A flame test is a common method used to identify metal ions, as most metal ions will produce a distinct colour when exposed to a consistent flame. By analysing the colour of the flame, we can identify the specific metal cations present in an unknown sample.
Obtaining unique results for a test is essential. If multiple ions give the same result, it becomes difficult to determine the specific ion present in the sample, which can create confusion.
To perform a flame test, follow these steps:
1. Make a small loop at the end of a clean nichrome wire.
2. Dip the loop into concentrated hydrochloric acid and then into the solid sample to pick up a small amount of it.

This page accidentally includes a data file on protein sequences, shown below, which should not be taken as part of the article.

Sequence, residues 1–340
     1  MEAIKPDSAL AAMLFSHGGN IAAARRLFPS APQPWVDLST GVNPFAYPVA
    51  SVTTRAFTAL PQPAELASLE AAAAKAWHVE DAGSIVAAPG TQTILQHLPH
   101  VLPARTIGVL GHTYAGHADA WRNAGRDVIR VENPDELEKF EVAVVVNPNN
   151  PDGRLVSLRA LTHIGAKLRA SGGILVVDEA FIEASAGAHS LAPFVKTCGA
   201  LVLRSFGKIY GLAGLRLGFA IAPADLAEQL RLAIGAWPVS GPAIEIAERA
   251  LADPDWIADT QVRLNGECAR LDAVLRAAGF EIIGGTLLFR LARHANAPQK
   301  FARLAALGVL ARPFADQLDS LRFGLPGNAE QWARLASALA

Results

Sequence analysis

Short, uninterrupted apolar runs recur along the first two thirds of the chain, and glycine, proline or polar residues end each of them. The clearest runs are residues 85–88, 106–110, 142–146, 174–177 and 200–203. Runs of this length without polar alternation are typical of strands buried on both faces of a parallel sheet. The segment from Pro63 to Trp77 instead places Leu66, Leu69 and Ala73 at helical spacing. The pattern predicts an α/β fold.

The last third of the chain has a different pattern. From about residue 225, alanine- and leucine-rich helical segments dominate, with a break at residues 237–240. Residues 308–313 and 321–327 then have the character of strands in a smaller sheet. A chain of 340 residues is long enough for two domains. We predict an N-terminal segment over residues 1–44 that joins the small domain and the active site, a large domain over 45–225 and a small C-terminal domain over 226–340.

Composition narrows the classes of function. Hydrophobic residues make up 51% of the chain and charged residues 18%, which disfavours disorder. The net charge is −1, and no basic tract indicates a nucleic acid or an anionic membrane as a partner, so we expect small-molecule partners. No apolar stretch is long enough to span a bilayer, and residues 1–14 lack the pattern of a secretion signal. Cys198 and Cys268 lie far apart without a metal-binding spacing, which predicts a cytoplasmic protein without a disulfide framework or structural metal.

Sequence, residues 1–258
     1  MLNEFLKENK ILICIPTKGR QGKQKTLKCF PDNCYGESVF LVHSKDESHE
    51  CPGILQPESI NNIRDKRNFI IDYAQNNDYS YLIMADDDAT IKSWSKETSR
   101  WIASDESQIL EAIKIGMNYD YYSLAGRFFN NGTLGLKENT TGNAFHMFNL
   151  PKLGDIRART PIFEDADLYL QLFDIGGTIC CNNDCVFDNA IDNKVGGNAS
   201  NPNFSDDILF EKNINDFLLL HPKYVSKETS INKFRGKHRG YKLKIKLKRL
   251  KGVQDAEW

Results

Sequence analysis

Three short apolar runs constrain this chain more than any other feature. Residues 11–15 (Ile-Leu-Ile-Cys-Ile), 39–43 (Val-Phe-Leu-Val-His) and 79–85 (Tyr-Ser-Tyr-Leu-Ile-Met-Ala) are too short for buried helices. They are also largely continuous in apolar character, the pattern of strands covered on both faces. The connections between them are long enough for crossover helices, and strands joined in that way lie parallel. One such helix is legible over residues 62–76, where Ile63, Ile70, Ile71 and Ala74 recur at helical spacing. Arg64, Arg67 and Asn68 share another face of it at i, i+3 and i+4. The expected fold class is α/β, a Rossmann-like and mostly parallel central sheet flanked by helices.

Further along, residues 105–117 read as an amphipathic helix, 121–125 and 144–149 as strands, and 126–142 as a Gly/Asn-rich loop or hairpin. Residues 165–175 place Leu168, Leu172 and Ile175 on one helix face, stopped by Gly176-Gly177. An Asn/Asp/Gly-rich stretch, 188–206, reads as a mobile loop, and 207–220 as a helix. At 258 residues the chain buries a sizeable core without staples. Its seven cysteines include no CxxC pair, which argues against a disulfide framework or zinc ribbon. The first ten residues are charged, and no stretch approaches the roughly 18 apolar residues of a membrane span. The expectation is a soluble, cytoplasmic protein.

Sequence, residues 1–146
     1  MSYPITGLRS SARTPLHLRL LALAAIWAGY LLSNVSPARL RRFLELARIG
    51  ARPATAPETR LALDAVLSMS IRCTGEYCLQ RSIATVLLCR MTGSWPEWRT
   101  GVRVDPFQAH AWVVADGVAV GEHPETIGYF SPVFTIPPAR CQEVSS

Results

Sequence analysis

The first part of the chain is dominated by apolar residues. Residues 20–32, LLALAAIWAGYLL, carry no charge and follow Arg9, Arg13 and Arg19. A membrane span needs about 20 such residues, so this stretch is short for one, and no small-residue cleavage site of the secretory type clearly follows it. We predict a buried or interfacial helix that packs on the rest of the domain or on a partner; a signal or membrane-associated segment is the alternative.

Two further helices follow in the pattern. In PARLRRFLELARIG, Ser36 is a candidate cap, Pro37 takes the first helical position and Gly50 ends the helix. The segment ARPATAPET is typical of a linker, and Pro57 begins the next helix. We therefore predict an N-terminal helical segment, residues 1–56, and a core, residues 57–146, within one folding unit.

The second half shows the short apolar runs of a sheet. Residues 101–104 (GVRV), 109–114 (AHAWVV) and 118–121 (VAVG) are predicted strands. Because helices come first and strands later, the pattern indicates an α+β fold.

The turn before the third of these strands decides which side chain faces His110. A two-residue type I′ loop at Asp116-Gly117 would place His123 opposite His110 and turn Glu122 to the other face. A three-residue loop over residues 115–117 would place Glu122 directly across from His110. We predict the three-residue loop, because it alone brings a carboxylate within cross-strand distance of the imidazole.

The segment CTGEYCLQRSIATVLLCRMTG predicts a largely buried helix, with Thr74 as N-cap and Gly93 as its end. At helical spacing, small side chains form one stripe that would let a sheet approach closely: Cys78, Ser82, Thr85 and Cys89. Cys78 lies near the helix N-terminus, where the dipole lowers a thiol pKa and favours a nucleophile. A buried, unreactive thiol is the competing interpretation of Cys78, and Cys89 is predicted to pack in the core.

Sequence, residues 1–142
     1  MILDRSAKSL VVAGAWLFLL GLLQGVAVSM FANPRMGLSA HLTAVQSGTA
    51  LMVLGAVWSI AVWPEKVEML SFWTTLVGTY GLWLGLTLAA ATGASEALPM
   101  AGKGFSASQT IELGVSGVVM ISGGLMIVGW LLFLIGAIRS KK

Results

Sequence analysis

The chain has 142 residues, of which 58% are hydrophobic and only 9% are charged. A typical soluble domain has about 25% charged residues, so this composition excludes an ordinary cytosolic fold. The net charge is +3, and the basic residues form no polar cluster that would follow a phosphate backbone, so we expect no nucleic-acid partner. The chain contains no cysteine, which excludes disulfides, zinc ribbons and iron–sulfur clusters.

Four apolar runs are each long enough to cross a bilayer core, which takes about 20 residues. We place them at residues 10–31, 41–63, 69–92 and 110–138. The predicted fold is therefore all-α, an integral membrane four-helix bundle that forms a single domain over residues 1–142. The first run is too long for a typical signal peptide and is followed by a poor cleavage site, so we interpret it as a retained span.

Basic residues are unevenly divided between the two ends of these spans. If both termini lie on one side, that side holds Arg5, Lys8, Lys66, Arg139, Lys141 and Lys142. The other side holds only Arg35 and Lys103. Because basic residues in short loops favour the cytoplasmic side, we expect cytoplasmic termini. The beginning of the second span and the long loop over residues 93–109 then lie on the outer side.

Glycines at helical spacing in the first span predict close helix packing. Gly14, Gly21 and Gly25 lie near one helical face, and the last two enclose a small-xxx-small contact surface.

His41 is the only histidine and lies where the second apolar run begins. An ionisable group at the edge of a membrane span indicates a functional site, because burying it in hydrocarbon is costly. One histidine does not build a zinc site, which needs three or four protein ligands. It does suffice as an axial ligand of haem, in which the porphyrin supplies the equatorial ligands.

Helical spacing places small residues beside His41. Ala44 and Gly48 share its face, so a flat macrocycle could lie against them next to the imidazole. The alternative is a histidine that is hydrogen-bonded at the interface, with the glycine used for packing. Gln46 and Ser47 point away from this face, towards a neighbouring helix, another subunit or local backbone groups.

3. Hold the loop with the sample in the hottest part of a blue Bunsen burner flame and immediately record the flame’s colour.
Different metal ions produce different coloured flames. The table below shows the expected results of the experiment:
|Metal Ion||Flame colour|
|Lithium – Li⁺||Crimson-red ◼|
|Sodium – Na⁺||Yellow ◼|
|Potassium – K⁺||Lilac ◼|
|Calcium – Ca²⁺||Orange-red ◼|
|Copper – Cu²⁺||Blue-green ◼|
This test only works if there is one metal ion present. If there are two or more metal ions in the sample, the colours will mix. This will make it more difficult to identify the ions.
Also, ensure the wire doesn’t get too hot; otherwise, its red glow could be mistaken for the flame colour. It’s important to observe the colour of the flame as soon as it appears, before the wire has a chance to glow red.